Boats from the 70s don't have the blister problems that 80s boats have. That said, with a newer boat all systems are new.
I live on a 30, similar to a catalina 30 or so I've heard. The surveyor gave it a fair market value around your range, but the "market" now is not "fair"! You may find yourself getting the boat you're looking for less. That catalina you're looking at better be in great condition with a few expensive extras like a roller furler
& dodger. Craigslist and ebay are good places to look for yuppies that are too lazy to get a good price.
I wouldn't live in smaller than a 27, but to each their own. Head+holding tank is important. I fill up a 12gal tank in no time.
I know for a fact that marina living can be far, far, cheaper than dirt dwelling in my area. You can get a 33' slip for $3200/y, power+liveaboard $115/mo, in a neighborhood where you can get a crappy appartment for $1k/mo!!!!!! There's a lot of incidentals but most of them add value to the boat, and the entry fee is steep. What's more, if you like the life and can't relo, you could might take to a condo marina, lay down 20 grand and get a slip forever, rent income when you're out.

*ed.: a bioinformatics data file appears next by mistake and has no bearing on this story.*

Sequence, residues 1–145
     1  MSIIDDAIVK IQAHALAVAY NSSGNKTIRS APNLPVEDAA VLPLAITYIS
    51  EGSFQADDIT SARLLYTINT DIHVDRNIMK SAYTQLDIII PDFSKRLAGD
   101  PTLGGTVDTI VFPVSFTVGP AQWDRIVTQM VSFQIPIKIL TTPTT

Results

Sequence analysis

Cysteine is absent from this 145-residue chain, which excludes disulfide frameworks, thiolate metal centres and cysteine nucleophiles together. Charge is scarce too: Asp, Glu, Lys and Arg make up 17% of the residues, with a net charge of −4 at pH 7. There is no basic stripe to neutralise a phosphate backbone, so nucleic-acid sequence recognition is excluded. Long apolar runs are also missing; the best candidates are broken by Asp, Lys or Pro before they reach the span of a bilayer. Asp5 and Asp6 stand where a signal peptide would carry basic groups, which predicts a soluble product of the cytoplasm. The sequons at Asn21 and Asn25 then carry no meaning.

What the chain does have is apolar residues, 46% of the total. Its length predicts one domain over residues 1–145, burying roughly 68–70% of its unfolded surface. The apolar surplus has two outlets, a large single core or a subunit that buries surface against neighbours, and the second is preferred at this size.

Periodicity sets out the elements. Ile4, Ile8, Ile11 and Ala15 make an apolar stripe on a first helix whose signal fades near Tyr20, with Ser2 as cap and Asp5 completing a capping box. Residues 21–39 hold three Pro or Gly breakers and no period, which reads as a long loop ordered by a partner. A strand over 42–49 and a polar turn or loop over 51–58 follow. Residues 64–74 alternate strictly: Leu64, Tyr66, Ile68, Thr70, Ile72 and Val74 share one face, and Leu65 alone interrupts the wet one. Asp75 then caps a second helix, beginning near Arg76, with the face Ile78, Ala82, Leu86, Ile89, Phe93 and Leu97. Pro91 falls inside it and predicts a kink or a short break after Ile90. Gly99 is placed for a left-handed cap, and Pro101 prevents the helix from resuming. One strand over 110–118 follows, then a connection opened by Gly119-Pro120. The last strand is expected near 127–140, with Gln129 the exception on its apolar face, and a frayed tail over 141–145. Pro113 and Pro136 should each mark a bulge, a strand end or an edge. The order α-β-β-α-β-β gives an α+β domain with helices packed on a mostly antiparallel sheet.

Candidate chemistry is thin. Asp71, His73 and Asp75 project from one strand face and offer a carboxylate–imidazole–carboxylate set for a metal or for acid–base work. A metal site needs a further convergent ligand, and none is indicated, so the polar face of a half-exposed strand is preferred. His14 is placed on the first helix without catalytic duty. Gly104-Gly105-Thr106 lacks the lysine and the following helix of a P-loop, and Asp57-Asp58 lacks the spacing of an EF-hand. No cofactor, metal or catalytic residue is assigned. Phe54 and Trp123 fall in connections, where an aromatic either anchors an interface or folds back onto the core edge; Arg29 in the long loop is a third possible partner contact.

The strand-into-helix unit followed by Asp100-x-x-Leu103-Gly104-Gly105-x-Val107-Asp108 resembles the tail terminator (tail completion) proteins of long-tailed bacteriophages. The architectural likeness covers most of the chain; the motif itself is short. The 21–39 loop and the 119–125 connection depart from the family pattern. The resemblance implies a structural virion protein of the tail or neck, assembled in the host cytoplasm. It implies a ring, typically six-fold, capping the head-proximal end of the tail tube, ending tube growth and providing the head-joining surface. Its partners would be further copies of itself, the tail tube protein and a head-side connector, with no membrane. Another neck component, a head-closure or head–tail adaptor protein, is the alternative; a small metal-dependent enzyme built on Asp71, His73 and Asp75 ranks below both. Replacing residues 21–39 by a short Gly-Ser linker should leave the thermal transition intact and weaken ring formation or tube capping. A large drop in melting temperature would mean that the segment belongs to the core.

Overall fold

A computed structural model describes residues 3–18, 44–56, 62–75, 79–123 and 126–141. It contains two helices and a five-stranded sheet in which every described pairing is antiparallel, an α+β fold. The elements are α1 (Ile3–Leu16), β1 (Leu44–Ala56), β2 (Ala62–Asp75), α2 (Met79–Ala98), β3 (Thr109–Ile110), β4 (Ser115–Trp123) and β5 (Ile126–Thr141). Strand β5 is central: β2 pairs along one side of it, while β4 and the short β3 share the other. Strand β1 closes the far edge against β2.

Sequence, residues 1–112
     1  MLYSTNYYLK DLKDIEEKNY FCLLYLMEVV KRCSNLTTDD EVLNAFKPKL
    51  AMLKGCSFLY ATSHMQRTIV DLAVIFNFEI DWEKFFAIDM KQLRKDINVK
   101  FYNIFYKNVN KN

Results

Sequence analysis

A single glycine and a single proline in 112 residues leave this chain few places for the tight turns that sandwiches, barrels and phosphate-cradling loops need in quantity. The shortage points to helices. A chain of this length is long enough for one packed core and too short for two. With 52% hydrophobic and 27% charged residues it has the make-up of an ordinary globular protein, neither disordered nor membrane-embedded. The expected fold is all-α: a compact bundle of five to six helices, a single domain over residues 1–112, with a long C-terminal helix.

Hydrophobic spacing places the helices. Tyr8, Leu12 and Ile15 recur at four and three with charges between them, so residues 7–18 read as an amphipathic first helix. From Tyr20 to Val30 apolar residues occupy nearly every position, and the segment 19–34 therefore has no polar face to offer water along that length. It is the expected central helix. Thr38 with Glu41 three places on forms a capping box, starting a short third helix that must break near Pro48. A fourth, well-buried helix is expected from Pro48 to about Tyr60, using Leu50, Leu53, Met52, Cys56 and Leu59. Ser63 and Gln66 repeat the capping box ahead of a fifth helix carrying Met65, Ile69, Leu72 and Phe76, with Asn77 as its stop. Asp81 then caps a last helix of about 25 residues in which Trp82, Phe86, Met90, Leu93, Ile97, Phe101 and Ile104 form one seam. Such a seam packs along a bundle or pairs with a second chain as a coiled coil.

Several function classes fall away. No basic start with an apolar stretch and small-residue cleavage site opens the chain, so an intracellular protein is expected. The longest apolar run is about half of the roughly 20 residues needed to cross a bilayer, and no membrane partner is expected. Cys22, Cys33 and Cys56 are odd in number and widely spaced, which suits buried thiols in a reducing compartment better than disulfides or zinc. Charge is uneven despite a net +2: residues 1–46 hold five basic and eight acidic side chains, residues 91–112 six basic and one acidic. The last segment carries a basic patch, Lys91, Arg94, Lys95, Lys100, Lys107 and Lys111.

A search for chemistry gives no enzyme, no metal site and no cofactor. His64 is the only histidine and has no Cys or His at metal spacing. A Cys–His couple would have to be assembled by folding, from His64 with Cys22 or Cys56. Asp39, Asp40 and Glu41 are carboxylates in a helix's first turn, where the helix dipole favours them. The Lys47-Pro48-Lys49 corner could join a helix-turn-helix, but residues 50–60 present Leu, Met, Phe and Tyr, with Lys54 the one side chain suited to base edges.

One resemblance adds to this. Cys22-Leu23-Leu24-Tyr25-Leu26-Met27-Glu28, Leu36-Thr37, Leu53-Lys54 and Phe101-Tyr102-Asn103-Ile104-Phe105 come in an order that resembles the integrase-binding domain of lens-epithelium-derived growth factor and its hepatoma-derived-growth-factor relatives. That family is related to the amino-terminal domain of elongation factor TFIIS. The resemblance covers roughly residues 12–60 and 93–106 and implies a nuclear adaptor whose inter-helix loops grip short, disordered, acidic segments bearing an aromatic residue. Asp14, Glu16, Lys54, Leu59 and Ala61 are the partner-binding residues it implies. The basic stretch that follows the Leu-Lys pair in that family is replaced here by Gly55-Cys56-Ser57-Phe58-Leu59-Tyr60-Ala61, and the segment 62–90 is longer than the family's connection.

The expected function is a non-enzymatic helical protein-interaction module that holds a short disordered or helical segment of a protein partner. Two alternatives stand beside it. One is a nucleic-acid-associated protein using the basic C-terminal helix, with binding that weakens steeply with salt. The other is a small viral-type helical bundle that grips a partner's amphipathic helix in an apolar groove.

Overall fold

What you're looking for in a liveaboard is
-hull liner, overhead liner, insulation. enough of it and condensation is not a problem
-AC outlets with big amperage, if you're gonna run space heaters. mine didn't have enough wiring to keep warm!
- big holding tank
, water tank
- less teak exposed to weather
- nothing crazy like a wood hull
- cooking facilities, propane is best
-engine, diesel is best
- icebox. if it's well-insulated, check to make sure you havent' slipped into a bizarro alternate universe. marine refrigerators are $$$$$$$$, big big bonus
You don't seem to be looking for one, but i think it's worth saying, it's a bear to live on a "project boat". I wouldn't take the introduction to living aboard and advanced boat repair
on the same day.